the construction of Westminster Bridge in 1750, the population
of the city grew eastwards and westwards along both banks
of the river.
In the 19th century the suburbs
of Fulham, in the north, and Battersea, in the south, had
Work began on the suspension
bridge in 1851 to the designs of the engineer, Thomas Page.
The ornate bridge had pairs of domed toll houses, encrusted
with Gothic-syle decoration, at each end. In 1879 Chelsea
Bridge became toll-free.
Although never formally named,
the bridge was known as the Victoria for some years after
its opening in 1858. The change of name coincided with
fears over the bridge's safety, and in 1880 the bridge was
strengthened with additional chain, but only 40 years later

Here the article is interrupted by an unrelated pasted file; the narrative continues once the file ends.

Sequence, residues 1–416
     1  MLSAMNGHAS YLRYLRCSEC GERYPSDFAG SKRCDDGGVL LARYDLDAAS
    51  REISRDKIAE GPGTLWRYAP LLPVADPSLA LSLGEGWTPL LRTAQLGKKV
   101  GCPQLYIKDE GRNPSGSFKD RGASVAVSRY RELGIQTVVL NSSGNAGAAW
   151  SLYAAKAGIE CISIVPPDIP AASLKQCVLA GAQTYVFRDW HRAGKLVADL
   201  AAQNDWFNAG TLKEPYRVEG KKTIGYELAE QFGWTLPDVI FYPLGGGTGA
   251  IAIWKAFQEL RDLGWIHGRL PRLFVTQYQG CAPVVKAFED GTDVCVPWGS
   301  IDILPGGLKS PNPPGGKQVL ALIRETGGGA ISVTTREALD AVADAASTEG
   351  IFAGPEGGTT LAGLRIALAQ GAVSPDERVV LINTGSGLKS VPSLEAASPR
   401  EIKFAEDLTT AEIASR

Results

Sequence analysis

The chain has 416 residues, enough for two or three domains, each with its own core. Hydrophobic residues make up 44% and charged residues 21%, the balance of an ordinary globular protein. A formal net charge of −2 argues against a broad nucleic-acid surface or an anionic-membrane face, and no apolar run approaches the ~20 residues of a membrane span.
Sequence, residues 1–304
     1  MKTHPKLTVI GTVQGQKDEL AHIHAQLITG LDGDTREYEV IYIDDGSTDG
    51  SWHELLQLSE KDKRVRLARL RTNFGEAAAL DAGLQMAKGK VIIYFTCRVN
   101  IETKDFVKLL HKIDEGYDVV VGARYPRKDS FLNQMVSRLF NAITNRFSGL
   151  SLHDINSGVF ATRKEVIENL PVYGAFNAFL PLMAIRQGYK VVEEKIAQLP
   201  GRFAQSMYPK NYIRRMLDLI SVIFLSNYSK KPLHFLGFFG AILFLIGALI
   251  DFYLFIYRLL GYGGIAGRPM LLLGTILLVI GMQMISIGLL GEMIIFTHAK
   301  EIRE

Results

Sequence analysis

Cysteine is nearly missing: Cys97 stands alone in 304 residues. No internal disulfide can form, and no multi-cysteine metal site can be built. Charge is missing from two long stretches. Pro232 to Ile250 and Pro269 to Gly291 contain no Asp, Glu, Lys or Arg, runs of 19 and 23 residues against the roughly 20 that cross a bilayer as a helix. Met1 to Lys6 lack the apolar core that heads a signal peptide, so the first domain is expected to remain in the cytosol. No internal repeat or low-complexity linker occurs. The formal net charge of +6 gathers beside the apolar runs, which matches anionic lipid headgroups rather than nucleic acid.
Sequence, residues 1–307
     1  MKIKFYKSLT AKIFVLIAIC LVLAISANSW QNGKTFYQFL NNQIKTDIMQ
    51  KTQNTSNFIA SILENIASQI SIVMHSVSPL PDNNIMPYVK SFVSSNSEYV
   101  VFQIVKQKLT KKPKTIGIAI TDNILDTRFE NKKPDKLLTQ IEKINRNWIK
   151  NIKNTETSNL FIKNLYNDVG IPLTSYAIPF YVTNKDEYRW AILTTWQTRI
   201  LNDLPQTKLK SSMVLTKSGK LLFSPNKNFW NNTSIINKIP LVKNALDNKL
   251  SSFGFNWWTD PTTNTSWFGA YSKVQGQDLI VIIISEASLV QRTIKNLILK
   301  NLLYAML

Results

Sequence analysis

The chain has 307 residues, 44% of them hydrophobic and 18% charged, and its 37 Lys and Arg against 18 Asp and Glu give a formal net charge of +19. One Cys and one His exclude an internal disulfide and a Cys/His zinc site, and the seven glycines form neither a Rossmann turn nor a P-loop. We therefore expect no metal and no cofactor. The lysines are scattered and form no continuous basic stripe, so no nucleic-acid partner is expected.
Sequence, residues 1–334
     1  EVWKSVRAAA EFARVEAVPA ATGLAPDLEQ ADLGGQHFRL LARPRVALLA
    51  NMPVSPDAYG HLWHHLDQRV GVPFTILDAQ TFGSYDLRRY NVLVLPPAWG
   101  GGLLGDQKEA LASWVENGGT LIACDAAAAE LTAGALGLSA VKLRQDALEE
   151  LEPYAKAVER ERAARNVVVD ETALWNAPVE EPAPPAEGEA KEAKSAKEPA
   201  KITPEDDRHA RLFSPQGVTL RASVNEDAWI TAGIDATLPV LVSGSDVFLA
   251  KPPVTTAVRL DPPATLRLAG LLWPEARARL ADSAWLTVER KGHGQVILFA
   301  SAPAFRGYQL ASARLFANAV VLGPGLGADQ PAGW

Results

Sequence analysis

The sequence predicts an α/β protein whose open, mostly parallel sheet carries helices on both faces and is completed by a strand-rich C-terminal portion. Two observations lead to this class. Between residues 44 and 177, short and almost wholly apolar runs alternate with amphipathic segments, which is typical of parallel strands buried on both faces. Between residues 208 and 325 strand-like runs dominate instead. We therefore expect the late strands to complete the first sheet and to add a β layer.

it was recommended that the bridge should be completely replaced.
Demolition work in 1935, the
new suspension bridge was given stronger foundations, set
inside granite bored into the riverbed. The six-lane
roadway of Chelsea Suspension Bridge is suspended using 37
galvanised steel wires. The bridge is embellished with
lampstands decorated with golden galleons.
Because the construction work
used Douglas Fir from British Colombia in Canada, the Prime
Minister of Canada, W.L Mackenzie King, opened the bridge